The following is an excerpt from our September 2nd Global Seasonal Analysis report (access requires subscription), one of 8 different reports that Asbury Research produces for subscribers at various intervals throughout the month.
S&P 500 Monthly Seasonal Pattern Since 1957
In the US S&P 500 Index the green bar in the chart below highlights September as the seasonally weakest month of the year in the US broad market index since 1957. September represents a sharp one-month decline from August, which is the 6th strongest month, but also leads into a Q4 recovery that accelerates into December.
S&P 500 Weekly Seasonal Pattern In Q3 Since 1957
Our next chart breaks the seasonal pattern in the S&P 500 down further, into a quarterly time frame via 13 weekly increments. The green columns show that the month of September includes three of the four seasonally weakest weeks of the entire 3rd Quarter , including this upcoming week which has been the weakest of the entire quarter.
I referred to the charts above back on June 2nd when I was a guest of CNBC’s Closing Bell (click the link to view it), during which I pointed out the 54-year seasonal tendency for a modest seasonal US stock market rebound in July that leads into acute seasonal weakness into September. This year the S&P 500 rose into the 1356 July 7th high, according to the historical pattern, before collapsing by 254 points or 19% into the August lows – which are now being re-tested as of the end of last week.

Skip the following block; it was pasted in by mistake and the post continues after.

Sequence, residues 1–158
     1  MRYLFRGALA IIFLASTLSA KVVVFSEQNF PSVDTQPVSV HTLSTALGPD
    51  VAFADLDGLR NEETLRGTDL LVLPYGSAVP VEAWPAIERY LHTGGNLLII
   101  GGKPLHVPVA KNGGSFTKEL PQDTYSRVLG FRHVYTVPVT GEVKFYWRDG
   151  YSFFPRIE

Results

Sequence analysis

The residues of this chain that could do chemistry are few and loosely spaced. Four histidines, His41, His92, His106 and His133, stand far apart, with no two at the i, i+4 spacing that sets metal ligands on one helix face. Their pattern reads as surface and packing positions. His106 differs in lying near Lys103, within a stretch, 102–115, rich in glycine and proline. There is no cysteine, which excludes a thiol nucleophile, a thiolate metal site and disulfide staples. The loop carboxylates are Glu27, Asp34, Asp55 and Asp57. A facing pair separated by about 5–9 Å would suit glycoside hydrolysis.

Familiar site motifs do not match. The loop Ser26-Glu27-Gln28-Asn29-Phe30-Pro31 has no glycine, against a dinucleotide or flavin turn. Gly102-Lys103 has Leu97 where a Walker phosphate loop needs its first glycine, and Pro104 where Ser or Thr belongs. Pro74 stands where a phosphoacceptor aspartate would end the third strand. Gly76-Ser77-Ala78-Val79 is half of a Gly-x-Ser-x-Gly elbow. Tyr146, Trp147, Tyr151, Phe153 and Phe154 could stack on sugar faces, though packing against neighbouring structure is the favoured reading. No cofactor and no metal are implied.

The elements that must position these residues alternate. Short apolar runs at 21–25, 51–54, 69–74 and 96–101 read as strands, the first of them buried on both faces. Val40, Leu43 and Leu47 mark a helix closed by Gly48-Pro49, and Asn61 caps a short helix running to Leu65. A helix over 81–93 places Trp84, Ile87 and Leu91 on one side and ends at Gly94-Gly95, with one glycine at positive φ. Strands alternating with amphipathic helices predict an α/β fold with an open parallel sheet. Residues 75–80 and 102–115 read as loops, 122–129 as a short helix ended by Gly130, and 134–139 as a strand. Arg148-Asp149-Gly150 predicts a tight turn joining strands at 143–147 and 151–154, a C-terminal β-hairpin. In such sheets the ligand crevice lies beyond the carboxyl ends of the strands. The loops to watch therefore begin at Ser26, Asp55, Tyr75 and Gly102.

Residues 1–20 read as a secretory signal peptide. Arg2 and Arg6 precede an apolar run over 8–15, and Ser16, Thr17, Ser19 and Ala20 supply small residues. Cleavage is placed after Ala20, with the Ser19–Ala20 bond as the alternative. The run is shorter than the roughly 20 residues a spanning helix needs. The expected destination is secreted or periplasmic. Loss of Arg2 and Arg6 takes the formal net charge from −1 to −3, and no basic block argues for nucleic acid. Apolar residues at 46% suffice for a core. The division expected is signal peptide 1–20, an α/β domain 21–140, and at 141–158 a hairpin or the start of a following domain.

Althoughthe seasonal tendency since 1957 has been for even more acute seasonal weakness during the last week of September, our seasonality data for the 4th Quarter does suggest the potential for a significant rebound that – assuming the larger seasonal pattern as shown in the first chart emerges again this year – could precede a performance chasing-driven recovery into year end.
As I stated in my CNBC interview, seasonality data are particularly useful when they corroborate what we are seeing in other key market factors including intermarket relationships, investor sentiment, relative performance, market breadth and volatility.
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